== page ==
The first time I went to South by Southwest in 2005 it was an amazing experience (this was before it grew so massively large that its gravity well sucked in all the social media marketing biz dudes in the universe):
I’ve never met so many wonderful people gathered together in one place. It was tribal in the true sense of the word (that would be the cool, fun-loving sense as opposed to the hippy-dippy sense).
There was a great sense of openness and sharing. In a way, it was like the web made flesh—a terrific community of enthusiastic people eager and willing to share their knowledge and experience.
Towards the end of the week, there was the annual web awards show. Everything else about South by Southwest had been so great, I figured I’d go along to that too. Also, someone I know had been nominated for an award.
It was like stepping into opposite-web. The mood switched from one of sharing and openness to one of basically not giving a shit. Everyone in the room was there because either they or someone they knew had been nominated for an award, and that’s all they cared about. Everything before and after that point in the awards ceremony was irrelevant.
In retrospect, I should have seen it coming. If the point of the web and community gatherings—like the SxSW of yore—is for individuals to be subsumed into a larger group that is greater than the sum of its parts, then the whole point of an awards ceremony is to do the exact opposite: to single out some individuals in the group.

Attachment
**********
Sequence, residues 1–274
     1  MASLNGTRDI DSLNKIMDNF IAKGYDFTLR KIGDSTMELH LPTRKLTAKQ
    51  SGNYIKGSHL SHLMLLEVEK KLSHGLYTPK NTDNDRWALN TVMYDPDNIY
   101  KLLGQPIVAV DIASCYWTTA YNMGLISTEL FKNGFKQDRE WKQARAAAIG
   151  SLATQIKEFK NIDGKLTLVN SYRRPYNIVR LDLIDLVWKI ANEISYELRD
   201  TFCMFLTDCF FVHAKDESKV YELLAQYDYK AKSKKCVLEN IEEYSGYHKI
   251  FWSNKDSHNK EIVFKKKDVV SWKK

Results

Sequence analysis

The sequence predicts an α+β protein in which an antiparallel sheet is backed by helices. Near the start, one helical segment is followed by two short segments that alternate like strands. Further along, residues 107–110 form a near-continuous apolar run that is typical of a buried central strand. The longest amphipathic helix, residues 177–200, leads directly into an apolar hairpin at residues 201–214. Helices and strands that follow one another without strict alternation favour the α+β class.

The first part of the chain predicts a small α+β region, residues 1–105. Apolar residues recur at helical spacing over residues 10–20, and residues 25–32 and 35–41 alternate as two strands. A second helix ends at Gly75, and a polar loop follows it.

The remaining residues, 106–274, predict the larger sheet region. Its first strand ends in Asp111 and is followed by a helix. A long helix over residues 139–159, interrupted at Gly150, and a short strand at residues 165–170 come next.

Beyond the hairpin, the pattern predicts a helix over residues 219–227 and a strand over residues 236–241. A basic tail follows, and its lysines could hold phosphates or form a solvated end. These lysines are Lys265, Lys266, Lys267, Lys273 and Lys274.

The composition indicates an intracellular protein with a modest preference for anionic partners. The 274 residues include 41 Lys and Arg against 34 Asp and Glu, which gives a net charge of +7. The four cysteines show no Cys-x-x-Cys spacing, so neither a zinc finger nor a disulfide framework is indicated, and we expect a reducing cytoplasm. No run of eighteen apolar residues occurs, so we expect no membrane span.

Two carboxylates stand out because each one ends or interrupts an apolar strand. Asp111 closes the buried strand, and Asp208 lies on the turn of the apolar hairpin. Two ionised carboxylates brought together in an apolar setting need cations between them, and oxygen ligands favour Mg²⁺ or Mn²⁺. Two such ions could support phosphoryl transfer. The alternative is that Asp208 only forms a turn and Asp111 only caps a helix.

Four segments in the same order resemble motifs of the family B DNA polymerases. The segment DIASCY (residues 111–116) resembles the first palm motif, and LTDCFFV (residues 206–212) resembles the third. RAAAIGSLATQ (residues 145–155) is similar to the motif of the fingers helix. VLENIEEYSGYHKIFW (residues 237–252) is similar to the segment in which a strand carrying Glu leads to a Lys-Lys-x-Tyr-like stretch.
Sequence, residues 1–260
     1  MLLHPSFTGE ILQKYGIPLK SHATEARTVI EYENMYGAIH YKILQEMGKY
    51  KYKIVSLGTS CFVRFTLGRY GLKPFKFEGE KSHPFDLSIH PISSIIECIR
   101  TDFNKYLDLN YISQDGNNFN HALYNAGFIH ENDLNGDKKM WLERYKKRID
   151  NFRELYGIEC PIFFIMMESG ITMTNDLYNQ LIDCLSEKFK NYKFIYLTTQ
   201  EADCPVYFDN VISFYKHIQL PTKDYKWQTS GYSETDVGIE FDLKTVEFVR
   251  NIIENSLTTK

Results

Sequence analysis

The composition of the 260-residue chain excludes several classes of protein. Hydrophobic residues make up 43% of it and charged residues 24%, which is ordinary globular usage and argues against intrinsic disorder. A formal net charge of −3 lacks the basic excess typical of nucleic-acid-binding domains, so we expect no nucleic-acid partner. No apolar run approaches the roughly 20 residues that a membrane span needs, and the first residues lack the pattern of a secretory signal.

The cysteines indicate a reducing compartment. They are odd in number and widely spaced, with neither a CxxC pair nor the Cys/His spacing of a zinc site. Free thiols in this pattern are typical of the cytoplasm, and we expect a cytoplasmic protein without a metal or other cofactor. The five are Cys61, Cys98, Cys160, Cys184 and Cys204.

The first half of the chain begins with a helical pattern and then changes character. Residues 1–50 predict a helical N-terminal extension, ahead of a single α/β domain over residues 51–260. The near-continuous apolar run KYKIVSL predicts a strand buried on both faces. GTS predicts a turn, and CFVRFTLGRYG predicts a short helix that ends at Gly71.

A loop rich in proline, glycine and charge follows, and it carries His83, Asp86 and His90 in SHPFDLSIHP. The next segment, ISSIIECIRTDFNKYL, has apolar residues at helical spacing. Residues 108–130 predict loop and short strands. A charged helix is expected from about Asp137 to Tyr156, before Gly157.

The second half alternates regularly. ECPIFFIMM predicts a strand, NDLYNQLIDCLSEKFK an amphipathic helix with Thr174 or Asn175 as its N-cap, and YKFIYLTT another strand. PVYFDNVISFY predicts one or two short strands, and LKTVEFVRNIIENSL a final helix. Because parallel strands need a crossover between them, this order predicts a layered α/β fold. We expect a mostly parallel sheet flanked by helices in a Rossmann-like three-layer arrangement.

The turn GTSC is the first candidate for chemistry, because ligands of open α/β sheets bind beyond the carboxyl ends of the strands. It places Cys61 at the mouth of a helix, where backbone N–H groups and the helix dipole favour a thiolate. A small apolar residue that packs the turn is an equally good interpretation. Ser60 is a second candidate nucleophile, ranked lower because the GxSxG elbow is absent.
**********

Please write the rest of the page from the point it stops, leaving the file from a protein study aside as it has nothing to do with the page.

I made the mistake of going back to the Southby awards ceremony a year or two later, simply because Ze Frank was presenting it. “How bad could it be?” I thought. But even the inimitable Ze couldn’t save the day.
Every so often, some smart, talented web designers will bemoan the lack of recognition afforded to their
craft, industry, . They wish for the same level of respect that architects or film-makers get, or for the iconic status given to the best of the advertising world’s output in decades past.
Be careful what you wish for, I say. Not only are these the same industries that are rife with horrible business practices like spec work, they are notoriously unfair when it comes to praising individual achievement over the efforts of the group. Worst of all, the proliferation of high-profile awards leads to the practice of producing “award-winning work” i.e. work designed purely to win awards.
I’ve spoken before about the spirit of the web; how I believe certain design principles have influenced the creation and growth of the web. I see that same spirit imbued in online communities and tools like Github. I don’t see that same spirit in the awarding of prizes.